(Cimino returned the compliment during a rare interview in this month’s issue of the Economist, calling the actor “an extraordinary talent” and adding that Rourke’s work since “Heaven’s Gate” only showed “part of what he could do and part of what he was.” The English magazine also gave “Dragon” a rave review.)
In “Dragon,” Rourke said, Cimino pushed him to try a different acting style. “Usually, I know what I want to do with a character and the director leaves me alone, but Michael only let me do that to a degree.”
If Rourke had any problems with script or story, they went unsaid. Cimino is a friend. Period.
The scathing reviews on the film were still a day or two away and Rourke, admittedly anxious, said he was prepared for the worst. “Mike warned me that the reviews might be controversial. He said, ‘There’s going to be backlashes on the movie,’ mainly at him.”
Rourke backed Cimino emphatically, proclaiming, “Hey! If somebody would give me a piece of paper and say, ‘Just sign this and you work with Cimino for the next 10 years, ' I would sign it in two seconds.”
He termed “Final Cut” (former United Artists executive Steven Bach’s blow-by-blow account of the “Heaven’s Gate” fiasco) “vindictive.”
“I think that guy (Bach) had nothing better to do so he wrote a book,” Rourke said. “Who did he write it for? Who the hell is going to read it? It’s boring to everyone except industry people. Anyway, by the end of the book, all you see is that all Michael wanted to do was make the best movie that had ever been made. I don’t think he came off that bad.”
He paused for several moments, studied his hands and let out a deep sigh. One sensed Rourke’s growing disenchantment with the hoopla attached to “controversial” films--the ones with roles that he said “challenged” him as an actor.
Before “Dragon,” there was “9 1/2 Weeks,” the still-unreleased film directed by Adrian Lyne (“Flashdance”) and co-starring Kim Basinger. The story of a sadomasochistic relationship that lasts as long as the title indicates appealed to Rourke initially. Now, after myriad changes brought about by skittish studio executives (Lyne continues to re-edit), the actor felt differently.
“I was fascinated by the script. I liked the mystery and the dialogue in it. It reminded me a lot of (playwright) Harold Pinter,” he recalled. “It was something different I wanted to try. But they never shot the original script and then certain casting choices were made. . . .” His voice trailed off. He shook his head.
“The girl (as he referred to Basinger, removing doubt about which casting choice he wasn’t thrilled about) didn’t want to do certain things and there were just too many bosses; there was too much input from many different places. I thought, ‘Man, if you do a movie like that, go all the way with it and see what happens,’ but they chickened out. Now, what is there to look at? I don’t even know where it is--I haven’t seen it in a while.”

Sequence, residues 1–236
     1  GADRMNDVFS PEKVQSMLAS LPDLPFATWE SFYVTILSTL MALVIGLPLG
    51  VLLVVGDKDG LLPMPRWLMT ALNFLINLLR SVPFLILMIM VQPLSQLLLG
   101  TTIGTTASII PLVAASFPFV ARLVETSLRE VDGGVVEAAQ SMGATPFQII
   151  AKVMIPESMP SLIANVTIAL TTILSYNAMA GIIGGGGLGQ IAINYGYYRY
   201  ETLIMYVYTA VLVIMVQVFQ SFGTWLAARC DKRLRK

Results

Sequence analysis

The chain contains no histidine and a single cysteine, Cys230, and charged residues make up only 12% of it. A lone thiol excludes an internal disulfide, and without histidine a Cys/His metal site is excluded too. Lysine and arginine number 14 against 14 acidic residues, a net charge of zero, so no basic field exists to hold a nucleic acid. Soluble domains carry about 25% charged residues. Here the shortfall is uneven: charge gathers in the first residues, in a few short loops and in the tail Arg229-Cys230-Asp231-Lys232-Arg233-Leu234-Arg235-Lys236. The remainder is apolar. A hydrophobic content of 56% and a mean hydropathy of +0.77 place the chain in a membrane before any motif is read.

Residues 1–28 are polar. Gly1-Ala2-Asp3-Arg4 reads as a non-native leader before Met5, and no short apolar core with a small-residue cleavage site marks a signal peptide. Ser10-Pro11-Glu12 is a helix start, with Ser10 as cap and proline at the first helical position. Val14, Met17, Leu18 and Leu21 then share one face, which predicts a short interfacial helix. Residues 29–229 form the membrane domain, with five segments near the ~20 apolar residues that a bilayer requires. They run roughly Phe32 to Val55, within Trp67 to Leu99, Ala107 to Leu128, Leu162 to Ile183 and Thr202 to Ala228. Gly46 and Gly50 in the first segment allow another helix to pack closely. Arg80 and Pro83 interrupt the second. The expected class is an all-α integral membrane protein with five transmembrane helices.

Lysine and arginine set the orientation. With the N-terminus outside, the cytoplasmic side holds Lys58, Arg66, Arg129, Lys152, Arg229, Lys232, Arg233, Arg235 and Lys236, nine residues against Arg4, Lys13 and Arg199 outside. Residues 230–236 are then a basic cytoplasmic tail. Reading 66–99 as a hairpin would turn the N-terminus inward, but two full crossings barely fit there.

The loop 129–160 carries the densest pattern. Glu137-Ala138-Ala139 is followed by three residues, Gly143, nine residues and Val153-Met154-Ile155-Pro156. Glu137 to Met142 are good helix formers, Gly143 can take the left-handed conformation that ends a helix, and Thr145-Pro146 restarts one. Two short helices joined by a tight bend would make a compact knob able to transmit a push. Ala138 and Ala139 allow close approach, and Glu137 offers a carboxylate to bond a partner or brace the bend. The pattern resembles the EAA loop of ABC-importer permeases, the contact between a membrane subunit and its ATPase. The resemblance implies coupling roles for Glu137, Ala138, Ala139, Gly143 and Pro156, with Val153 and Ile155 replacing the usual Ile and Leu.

He laughed. “I mean, I knew we weren’t making ‘Lawrence of Arabia.’ I knew that probably six people would go see the movie. I don’t feel bad. I had certain reasons for doing that movie that were personal--as an actor.”
In the meantime, Rourke said he was rewriting the script for his own film, “Homeboy,” a story about the downside of boxing. “It’s about a guy who never was a champion; he’s a guy who was pretty much the reason I stopped boxing.”
He had no other plans at present. “I’m waiting to go to work, I’ve been waiting for the last six months,” he said. “We’ve turned about 16 projects down; there’s just nothing I like.”
Would he ever want to do a comedy?
“No, I don’t like comedies that much; I have no desire at all to do one. I don’t even go see them.”
He had abandoned another potentially controversial movie on the life of singer Jerry Lee Lewis because “I think they wanted to make a ‘Movie of the Week’ out of it. What they don’t want to do is commit to working really hard to getting a good script.”
He shrugged. “I’m at a point now where I’m only going to work with the directors I want to work with, and with the casts that I want. I couldn’t bear to be on a movie knowing I’m doing it just to make the money. I just couldn’t stay on the set.”
After “Dragon” opened, Mickey Rourke appeared on Larry King’s televised talk show.
Or at least he looked like Rourke.
Much of what he said didn’t sound like Rourke, not at all.
While he told King that, yes, he would work with Michael Cimino again, his spirit and conviction were subdued.
His other answers were far more perplexing:
--He liked “9 1/2 Weeks” very much.
--He would certainly like to do a comedy.
--He continued to be involved with the Jerry Lee Lewis project.
During the subsequent phone conversation with The Times, Rourke explained the discrepancies between the two interviews. He said that he had seen the newest version of “9 1/2 Weeks,” following the Beverly Hills interview. “I wasn’t as disappointed as I thought I would be.” He paused. “I think it’ll play well overseas.”
He acknowledged that his responses about comedies and the Lewis project during the King interview had been less than candid. But Rourke apparently had learned some lessons from his “Dragon” experience. “It’s better to just totally ignore (such questions),” he mused. “Why get involved?”